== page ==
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Annie Jump Cannon entered Wellesley College in Massachusetts in 1880 to study astronomy. She became interested in stellar spectroscopy, the process of breaking light from stars down into its component colors so the various elements can be identified. After suffering from scarlet fever, which left her hearing impaired, she earned her masterís degree and then continued her studies at Radcliffe College. She became an assistant at the Harvard College Observatory, the first observatory to include women as staff members. During her career, she observed, classified, and analyzed the spectra of some five hundred thousand stars, assigning each one its place in the sequence O, B, A, F, G, K, and M. In 1911 she almost became a faculty member at Harvard but the university officials refused to promote a woman to such high status. So she became the curator of astronomical photographs, earning a salary of twelve hundred dollars a year. Finally, in 1936, Harvard hired her as a permanent faculty member. She was seventy-three years old at the time.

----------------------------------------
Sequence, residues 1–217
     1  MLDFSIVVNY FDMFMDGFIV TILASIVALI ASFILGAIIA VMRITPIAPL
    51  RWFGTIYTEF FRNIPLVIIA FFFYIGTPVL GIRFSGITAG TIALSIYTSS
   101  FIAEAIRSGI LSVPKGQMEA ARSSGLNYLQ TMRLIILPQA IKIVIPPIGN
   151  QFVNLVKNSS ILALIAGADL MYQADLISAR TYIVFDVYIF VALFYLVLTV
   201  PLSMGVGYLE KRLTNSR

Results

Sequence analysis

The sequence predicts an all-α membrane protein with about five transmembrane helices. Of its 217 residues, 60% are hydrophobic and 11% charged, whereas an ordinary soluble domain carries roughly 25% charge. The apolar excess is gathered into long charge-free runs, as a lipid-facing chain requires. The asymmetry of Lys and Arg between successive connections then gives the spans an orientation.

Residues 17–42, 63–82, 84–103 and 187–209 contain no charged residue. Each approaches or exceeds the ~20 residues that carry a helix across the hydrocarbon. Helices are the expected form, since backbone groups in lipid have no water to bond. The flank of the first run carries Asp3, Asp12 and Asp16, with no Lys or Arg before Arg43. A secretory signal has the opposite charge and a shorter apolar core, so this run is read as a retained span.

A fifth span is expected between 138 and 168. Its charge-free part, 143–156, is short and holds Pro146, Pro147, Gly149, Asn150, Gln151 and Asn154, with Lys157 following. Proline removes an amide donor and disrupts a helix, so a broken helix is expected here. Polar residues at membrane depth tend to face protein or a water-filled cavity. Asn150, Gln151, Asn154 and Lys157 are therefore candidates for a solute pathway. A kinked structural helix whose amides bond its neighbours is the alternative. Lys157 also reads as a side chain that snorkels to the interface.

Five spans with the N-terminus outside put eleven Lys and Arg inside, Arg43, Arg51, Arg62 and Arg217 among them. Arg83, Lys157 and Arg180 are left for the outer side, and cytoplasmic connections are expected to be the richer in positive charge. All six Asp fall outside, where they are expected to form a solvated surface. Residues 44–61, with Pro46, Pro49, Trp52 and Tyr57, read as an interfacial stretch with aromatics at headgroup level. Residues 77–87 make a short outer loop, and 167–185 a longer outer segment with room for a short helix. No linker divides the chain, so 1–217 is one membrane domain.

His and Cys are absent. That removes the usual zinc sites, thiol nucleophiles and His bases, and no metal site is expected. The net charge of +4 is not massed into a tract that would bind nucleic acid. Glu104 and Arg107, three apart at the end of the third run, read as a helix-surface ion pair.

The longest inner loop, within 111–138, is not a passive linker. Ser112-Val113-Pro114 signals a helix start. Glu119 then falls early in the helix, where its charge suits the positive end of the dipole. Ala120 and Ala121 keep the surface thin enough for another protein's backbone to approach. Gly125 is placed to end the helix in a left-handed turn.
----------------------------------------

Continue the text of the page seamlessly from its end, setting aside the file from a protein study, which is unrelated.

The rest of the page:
Astronomers now realize that everything which appears to distinguish one star from another - temperature, luminosity, size, life span -- is determined almost entirely by one factor: the star's mass. The main sequence along the HR diagram is not a singular evolutionary path, as many had thought, but a portrait of the sky at one moment in time of stars with varying masses.

Below is a version of the Hertzsprung-Russell diagram, which shows how the size, color, luminosity, spectral class, and absolute magnitude of stars relate. Each dot on this diagram represents a star in the sky whose absolute magnitude and spectral class have been determined. Notice that the data appear to clump naturally into groups: main-sequence stars, giants, supergiants, and white dwarfs.

Hertzsprung-Russell diagram

1. Imagine that you are an astronomer and you have detected a source that has a temperature of about 3700 Kelvin, and a luminosity of about 0.1. Examine the H-R diagram; explain what luminosity class and type of source this could be. In what part of its life cycle is this source?




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This page last updated: Thursday, 21-Nov-2002 11:20:09 EST